Medicine Offers Hope to Heroin Addicts

Krystal began using heroin (search) when she was 14 years old, and it didn't take long for her to become hooked. The teen dropped out of school, lost a ton of weight and hocked her belongings to support a $200 a day habit.

Now 18, Krystal said she is drug-free, holds down a job, attends beauty school and cares for her toddler son. She credits a relatively new medication called buprenorphine (search) with plucking her from heroin's grasp.

"Amazing," "incredible" and "lifesaving" are a few of the words addicts use to describe buprenorphine, which blocks heroin cravings. The problem is that relatively few can get it, and health professionals are pressuring the government to expand access.

Available in this country since late 2002, buprenorphine is an alternative to methadone (search), long the primary treatment for heroin addiction. It is also used to treat addictions to prescription painkillers like OxyContin (search), Percocet (search) and Vicodin (search).

Doctors say buprenorphine has many advantages over methadone, including that it is longer acting, more difficult to overdose on and easier to withdraw from.

"It has been extraordinarily effective in the patients we have given it to," said psychiatrist Herbert Kleber of Columbia University, who started one of the first buprenorphine programs in the nation.

Addicts, meanwhile, say "bupe" gives them a feeling of clearheadedness they don't get with methadone. They can be treated in the privacy of their doctor's office, enabling them to avoid the stigma associated with public methadone clinics.

But federal law limits individual doctors and medical practices to prescribing buprenorphine to 30 patients at a time, making the drug very hard to get in areas where heroin and prescription opiate abuse is high. For example, Krystal's doctor, J. Charles Lentini, says he has a waiting list of 185 addicts — many of whom are continuing to abuse drugs while they wait.

Even more problematic is the restriction on large medical practices, which means that a health plan like Kaiser Permanente, the nation's largest not-for-profit health maintenance organization with 8.2 million members, can treat just a few hundred addicts at any one time nationwide.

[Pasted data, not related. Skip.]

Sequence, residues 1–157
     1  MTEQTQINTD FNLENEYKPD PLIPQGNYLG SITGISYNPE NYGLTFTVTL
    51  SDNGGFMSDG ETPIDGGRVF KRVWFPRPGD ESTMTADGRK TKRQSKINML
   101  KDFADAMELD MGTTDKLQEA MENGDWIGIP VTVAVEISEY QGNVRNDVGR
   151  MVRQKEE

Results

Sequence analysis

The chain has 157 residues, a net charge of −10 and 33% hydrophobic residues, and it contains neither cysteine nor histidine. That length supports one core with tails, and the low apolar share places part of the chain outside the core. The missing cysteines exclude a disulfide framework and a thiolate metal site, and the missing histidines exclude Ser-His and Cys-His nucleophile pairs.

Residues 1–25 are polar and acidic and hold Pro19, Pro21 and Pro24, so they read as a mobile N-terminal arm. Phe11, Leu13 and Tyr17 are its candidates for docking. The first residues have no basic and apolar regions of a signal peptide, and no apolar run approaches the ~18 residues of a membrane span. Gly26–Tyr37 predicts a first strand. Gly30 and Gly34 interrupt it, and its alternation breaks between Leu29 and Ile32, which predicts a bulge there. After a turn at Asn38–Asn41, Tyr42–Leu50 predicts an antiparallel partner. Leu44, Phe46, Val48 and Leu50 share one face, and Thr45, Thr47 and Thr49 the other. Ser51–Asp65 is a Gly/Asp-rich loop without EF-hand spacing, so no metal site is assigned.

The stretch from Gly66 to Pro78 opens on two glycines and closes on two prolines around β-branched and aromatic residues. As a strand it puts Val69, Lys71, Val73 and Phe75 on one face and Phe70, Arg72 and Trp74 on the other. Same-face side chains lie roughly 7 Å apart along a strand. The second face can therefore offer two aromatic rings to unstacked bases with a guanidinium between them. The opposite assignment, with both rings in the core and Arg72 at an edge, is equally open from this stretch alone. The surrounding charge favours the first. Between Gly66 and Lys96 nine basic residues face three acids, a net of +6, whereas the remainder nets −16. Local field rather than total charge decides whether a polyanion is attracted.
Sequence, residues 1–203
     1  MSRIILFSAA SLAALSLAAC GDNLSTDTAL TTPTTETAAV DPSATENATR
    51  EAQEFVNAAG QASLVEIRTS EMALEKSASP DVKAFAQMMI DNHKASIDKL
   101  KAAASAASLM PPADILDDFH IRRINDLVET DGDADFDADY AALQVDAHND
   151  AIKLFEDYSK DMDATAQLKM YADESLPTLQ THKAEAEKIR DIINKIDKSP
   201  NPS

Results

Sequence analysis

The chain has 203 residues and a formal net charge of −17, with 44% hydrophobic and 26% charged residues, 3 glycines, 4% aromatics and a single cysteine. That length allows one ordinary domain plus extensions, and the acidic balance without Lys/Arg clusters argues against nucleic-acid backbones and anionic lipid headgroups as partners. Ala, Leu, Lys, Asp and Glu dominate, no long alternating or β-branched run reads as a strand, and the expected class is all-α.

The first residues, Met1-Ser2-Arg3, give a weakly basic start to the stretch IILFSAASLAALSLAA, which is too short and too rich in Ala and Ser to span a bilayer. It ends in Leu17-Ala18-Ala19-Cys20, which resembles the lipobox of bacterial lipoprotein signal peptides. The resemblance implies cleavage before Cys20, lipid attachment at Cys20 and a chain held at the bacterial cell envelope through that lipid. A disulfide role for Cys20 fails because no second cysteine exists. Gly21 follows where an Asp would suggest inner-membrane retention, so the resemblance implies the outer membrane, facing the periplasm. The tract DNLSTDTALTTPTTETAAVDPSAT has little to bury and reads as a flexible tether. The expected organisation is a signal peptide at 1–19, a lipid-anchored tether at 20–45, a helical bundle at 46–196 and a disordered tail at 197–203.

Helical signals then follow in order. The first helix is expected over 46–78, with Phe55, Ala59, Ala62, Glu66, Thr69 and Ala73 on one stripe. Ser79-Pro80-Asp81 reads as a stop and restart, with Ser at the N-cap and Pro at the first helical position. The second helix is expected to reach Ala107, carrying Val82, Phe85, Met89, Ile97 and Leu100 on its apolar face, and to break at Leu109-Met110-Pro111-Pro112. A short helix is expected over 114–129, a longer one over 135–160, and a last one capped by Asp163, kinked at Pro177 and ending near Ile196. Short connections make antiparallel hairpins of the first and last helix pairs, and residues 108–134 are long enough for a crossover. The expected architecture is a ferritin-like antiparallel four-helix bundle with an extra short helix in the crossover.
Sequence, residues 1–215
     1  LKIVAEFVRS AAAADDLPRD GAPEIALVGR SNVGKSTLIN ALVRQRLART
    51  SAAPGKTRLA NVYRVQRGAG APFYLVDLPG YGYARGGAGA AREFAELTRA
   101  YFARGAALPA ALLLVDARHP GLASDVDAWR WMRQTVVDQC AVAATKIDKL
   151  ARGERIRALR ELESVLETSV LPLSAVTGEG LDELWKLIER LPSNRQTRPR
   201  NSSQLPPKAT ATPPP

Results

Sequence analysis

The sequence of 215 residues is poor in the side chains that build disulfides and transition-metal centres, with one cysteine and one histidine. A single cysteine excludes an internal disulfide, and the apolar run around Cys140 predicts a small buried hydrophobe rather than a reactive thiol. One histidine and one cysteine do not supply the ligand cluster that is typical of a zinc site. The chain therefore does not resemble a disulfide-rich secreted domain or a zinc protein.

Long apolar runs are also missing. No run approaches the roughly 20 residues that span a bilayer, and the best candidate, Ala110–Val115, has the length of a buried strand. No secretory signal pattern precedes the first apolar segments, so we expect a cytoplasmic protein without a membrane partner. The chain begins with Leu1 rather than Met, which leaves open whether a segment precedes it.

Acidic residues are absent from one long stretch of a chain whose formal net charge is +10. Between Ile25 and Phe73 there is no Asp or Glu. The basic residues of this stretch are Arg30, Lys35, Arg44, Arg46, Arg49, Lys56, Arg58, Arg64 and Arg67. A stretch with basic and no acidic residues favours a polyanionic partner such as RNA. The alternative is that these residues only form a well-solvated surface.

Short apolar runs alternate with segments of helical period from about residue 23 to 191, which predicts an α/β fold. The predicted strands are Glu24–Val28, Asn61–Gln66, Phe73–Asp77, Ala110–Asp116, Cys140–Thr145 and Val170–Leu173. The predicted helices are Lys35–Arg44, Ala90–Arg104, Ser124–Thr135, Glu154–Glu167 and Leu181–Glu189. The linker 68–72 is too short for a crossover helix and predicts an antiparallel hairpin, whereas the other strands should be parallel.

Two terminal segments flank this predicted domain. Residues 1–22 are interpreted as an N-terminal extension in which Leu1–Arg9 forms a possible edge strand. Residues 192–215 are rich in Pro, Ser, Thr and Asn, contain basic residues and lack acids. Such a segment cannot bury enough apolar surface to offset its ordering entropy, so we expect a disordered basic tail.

Bills pending in the House and Senate would eliminate the 30-patient restriction for group medical practices while retaining it for individual doctors. The Senate passed similar legislation last year, but it died in the House.

"It clearly was not our intention" that addicts have less access to buprenorphine because they happen to go to a group practice, said Sen. Carl Levin, D-Mich., co-author of the Drug Addiction Treatment Act of 2000 (search). The law paved the way for doctors to prescribe buprenorphine but also established the 30-patient limit. Levin introduced the bill now pending.

Meanwhile, the U.S. Substance Abuse and Mental Health Services Administration (search) said it is working on a regulatory fix to expand access to buprenorphine.

"The group practice issue we see very much as a critical barrier," said Robert Lubran, the agency's director of pharmacologic therapies.

Krystal said she spent eight agonizing months on Lentini's waiting list before finally getting her buprenorphine prescription last month. She entered detox two or three times while she waited, but returned to heroin each time she was discharged.

"It was torture," said Krystal, whose boyfriend is on the waiting list. "I just wanted to feel normal again."

Another of Lentini's patients, David, took heroin for six years and has been on buprenorphine for 13 months. The 43-year-old day trader said he "thanks God" that he got the drug when he did. David, who spent time in prison for accidentally killing a woman with his car while high, was among Lentini's first patients when he got out.

"If there was a waiting list, I'd be in jail now, because my urine would be hot," he said.

Both Krystal and David spoke on the condition that their last names not be used.

The 30-patient limit is not the only barrier to access.

Less than 1 percent of the nation's doctors — 4,850 out of 600,000 — have received federal Drug Enforcement Administration certification to prescribe buprenorphine, which comes in a pill and is sold under the brand names Suboxone (search) and Subutex (search).

The number of doctors actually prescribing the drug might be even smaller. Kleber said the manufacturer, Reckitt Benckiser, told him last year that only 1,500 had written a buprenorphine prescription. Reckitt Benckiser officials did not return a phone call.

Many doctors shy away from treating heroin addicts because they believe those patients will be disruptive, Kleber and other experts said.

"Most practicing physicians carry the baggage that much of society carries around the treatment of addictive disorders," said Dr. David Fiellin, chairman of the buprenorphine department at the American Society of Addiction Medicine.

Also, buprenorphine is expensive, typically costing around $300 to $350 a month, and is not always covered by private insurance or by Medicare or Medicaid.